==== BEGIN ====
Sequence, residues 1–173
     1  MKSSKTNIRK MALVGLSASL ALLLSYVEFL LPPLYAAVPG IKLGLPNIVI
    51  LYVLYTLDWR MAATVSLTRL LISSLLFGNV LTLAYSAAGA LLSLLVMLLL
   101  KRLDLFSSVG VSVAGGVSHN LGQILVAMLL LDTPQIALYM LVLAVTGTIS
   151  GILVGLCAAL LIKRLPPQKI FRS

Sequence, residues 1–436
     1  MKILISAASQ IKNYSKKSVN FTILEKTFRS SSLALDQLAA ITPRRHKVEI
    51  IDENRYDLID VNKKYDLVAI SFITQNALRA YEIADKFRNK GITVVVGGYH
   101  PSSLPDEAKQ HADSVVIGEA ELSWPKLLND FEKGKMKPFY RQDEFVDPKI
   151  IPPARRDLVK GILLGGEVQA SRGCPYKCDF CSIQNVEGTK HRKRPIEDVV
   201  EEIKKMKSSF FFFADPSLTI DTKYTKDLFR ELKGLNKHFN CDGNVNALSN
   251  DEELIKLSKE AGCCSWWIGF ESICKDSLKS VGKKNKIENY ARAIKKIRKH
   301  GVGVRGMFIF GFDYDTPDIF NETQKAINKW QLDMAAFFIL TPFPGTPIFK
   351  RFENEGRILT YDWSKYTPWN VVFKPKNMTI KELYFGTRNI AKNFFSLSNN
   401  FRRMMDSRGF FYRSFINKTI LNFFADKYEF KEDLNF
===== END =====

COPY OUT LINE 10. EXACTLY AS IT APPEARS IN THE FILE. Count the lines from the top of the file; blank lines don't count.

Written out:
   151  IPPARRDLVK GILLGGEVQA SRGCPYKCDF CSIQNVEGTK HRKRPIEDVV